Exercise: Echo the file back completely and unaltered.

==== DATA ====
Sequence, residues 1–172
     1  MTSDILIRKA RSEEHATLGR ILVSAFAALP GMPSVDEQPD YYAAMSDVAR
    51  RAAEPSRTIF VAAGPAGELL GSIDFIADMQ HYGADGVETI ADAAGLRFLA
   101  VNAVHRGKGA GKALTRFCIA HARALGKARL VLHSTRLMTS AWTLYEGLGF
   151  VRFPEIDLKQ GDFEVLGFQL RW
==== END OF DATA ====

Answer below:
Sequence, residues 1–172
     1  MTSDILIRKA RSEEHATLGR ILVSAFAALP GMPSVDEQPD YYAAMSDVAR
    51  RAAEPSRTIF VAAGPAGELL GSIDFIADMQ HYGADGVETI ADAAGLRFLA
   101  VNAVHRGKGA GKALTRFCIA HARALGKARL VLHSTRLMTS AWTLYEGLGF
   151  VRFPEIDLKQ GDFEVLGFQL RW